Governance Norms for Central PSUs

In 2007, the Central Government issued the Guidelines on Corporate Governance for Central Public Sector Enterprises (CPSEs). This was a measure introduced to bring corporate governance norms in CPSEs on par with the private sector. However, it was only a voluntary measure.

On March 25, 2010, the Government announced that the Guidelines would now be continued on a mandatory basis. Hence, all CPSEs will now be bound by requirements such as the composition of the board of CPSEs, audit committee, subsidiary companies, disclosures, code of conduct and ethics, risk management and reporting”.

This is a significant measure as public sector companies have often been found to be lacking in compliance with the corporate governance norms for all listed companies prescribed by Clause 49 of the listing agreement. The mandatory nature of the new guidelines may compel CPSEs to comply with higher standards of governance.

However, even with the new announcement, there could be continuing obstacles in ensuring full compliance with norms.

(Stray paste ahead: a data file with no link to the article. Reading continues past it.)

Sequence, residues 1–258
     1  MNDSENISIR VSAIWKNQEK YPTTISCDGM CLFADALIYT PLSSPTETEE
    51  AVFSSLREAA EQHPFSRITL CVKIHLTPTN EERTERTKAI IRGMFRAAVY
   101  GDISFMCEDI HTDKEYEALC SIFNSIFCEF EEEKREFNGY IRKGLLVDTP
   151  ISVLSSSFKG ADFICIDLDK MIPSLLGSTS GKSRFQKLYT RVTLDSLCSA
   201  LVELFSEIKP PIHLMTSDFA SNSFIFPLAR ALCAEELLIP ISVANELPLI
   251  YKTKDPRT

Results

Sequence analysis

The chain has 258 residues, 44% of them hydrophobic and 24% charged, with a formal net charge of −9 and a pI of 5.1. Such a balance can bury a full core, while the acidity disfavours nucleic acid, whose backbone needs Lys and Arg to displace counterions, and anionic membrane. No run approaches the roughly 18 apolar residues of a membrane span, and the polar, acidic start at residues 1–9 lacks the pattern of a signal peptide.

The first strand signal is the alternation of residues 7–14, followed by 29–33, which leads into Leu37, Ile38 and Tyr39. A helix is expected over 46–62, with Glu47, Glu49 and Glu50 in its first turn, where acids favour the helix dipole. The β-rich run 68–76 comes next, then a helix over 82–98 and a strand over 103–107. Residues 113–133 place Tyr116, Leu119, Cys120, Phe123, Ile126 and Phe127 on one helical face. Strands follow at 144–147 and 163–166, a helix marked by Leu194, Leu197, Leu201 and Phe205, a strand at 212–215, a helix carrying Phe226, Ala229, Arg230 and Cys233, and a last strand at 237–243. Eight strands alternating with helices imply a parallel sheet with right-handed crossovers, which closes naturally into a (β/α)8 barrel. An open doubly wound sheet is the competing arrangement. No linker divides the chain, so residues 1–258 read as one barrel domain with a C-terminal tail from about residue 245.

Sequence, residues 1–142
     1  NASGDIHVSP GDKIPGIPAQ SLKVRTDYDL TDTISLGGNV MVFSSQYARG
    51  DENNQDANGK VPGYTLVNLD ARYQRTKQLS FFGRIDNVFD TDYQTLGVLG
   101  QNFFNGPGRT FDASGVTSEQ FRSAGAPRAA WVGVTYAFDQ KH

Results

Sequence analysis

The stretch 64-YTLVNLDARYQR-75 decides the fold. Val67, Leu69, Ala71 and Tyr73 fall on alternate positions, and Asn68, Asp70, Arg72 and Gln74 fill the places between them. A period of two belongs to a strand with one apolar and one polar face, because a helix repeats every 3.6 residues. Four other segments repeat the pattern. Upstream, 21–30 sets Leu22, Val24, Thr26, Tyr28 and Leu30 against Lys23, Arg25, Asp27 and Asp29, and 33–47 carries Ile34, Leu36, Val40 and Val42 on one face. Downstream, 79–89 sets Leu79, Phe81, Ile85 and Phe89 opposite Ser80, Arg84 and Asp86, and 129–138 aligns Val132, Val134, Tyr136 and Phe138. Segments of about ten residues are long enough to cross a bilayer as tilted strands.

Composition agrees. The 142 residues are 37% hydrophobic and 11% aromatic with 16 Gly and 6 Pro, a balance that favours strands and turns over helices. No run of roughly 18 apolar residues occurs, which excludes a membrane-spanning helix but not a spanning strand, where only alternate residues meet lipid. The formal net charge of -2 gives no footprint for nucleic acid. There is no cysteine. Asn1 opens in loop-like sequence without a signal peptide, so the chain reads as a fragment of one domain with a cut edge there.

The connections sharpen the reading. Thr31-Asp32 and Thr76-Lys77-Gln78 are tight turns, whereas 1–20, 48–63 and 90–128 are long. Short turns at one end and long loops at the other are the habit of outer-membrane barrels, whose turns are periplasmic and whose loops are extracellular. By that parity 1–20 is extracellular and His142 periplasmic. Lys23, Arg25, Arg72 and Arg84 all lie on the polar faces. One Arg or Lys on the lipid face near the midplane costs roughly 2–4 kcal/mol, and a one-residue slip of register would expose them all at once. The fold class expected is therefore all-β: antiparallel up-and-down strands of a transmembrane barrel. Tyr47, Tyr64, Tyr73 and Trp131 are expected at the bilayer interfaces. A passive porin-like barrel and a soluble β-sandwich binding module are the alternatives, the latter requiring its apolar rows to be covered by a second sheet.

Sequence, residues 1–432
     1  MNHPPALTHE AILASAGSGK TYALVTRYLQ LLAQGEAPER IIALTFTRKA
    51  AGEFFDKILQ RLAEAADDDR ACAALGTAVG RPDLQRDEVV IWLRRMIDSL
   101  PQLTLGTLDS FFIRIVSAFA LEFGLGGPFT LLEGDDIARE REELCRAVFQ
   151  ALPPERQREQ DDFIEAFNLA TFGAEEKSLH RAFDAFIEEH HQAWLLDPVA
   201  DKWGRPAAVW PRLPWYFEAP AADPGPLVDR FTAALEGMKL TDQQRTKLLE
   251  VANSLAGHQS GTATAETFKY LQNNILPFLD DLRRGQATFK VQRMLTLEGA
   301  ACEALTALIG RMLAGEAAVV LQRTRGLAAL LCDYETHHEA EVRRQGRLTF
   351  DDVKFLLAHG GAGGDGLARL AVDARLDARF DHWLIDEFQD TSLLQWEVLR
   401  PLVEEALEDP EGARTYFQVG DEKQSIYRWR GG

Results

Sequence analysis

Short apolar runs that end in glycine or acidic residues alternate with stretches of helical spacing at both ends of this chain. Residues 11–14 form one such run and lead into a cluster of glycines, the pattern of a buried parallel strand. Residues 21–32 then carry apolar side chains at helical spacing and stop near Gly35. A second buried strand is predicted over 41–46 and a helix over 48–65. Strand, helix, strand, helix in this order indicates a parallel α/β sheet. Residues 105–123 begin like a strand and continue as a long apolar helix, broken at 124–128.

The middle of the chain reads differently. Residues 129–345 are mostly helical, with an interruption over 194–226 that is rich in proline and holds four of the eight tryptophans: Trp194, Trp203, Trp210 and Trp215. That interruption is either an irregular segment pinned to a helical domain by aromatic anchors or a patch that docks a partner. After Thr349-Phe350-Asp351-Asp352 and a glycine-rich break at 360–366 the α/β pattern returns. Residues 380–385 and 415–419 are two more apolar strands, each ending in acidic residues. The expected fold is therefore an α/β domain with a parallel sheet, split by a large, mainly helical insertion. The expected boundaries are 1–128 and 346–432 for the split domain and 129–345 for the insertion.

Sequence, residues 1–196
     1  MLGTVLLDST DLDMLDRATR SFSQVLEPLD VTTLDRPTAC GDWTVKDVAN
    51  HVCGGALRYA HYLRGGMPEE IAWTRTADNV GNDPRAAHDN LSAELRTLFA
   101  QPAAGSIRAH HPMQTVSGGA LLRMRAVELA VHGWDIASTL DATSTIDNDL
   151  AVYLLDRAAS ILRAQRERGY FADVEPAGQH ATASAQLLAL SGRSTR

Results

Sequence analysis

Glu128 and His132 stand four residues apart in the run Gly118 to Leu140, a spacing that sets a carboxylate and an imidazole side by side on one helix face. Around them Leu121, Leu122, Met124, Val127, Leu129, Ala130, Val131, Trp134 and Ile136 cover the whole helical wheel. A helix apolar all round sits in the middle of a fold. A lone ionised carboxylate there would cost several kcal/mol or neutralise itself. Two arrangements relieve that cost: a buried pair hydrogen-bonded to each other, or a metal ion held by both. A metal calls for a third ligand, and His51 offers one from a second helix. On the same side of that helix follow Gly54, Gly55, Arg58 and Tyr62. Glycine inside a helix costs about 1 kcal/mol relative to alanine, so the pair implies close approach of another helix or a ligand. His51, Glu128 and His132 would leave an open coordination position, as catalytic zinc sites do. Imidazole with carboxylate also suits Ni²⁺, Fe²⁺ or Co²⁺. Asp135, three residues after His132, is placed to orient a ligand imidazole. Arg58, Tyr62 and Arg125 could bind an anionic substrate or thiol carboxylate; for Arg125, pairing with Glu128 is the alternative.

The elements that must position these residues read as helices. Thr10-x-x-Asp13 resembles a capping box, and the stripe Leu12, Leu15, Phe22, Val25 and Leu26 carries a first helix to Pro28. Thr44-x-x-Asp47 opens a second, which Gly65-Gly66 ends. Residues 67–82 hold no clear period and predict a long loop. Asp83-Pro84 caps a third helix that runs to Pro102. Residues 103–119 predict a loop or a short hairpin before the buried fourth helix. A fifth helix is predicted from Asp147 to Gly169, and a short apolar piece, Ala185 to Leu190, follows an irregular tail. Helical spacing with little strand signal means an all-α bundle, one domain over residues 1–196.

First, these guidelines are applicable only to CPSEs, being held by the Central Government, which constitute only a small proportion of public sector undertakings (PSUs). Those PSUs that are within the ambit of state governments’ authority do not require compliance with these guidelines.

Second, there are differences between the corporate governance norms for CPSEs introduced by these guidelines and the norms for listed companies generally under Clause 49. For instance, and just to take a minor example, the CPSE guidelines require listed CPSEs to have at least 50% of the board as independent directors, while Clause 49 has two thresholds at 33.33% and 50% depending on the identity of the chairperson. It is not clear as to which of the requirements are applicable to CPSEs or whether they are simply to comply with the more onerous of the two requirements.

Third, and as this column in the Financial Express notes, the mandatory guidelines may be of no avail if they continue to perpetuate the dominance of the controlling shareholder, being the Government. Rather, it is argued, that the interests of the public minority shareholders need to be specifically protected.

About the author

Umakanth Varottil

Umakanth Varottil is an Associate Professor at the Faculty of Law, National University of Singapore. He specializes in corporate law and governance, mergers and acquisitions and cross-border investments. Prior to his foray into academia, Umakanth was a partner at a pre-eminent law firm in India.

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